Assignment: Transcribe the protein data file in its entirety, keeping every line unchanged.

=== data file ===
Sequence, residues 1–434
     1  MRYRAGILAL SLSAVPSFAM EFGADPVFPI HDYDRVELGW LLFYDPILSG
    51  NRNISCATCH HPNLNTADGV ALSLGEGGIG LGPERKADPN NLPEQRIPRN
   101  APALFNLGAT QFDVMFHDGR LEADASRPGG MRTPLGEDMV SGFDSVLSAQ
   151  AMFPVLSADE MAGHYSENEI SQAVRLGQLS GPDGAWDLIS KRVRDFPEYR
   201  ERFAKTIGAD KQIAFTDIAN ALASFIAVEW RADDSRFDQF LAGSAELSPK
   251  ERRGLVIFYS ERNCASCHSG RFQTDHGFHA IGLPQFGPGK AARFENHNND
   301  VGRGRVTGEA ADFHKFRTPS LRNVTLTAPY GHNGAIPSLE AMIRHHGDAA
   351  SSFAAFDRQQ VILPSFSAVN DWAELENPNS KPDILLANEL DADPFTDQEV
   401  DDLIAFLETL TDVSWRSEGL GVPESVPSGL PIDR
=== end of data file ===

Sequence, residues 1–434
     1  MRYRAGILAL SLSAVPSFAM EFGADPVFPI HDYDRVELGW LLFYDPILSG
    51  NRNISCATCH HPNLNTADGV ALSLGEGGIG LGPERKADPN NLPEQRIPRN
   101  APALFNLGAT QFDVMFHDGR LEADASRPGG MRTPLGEDMV SGFDSVLSAQ
   151  AMFPVLSADE MAGHYSENEI SQAVRLGQLS GPDGAWDLIS KRVRDFPEYR
   201  ERFAKTIGAD KQIAFTDIAN ALASFIAVEW RADDSRFDQF LAGSAELSPK
   251  ERRGLVIFYS ERNCASCHSG RFQTDHGFHA IGLPQFGPGK AARFENHNND
   301  VGRGRVTGEA ADFHKFRTPS LRNVTLTAPY GHNGAIPSLE AMIRHHGDAA
   351  SSFAAFDRQQ VILPSFSAVN DWAELENPNS KPDILLANEL DADPFTDQEV
   401  DDLIAFLETL TDVSWRSEGL GVPESVPSGL PIDR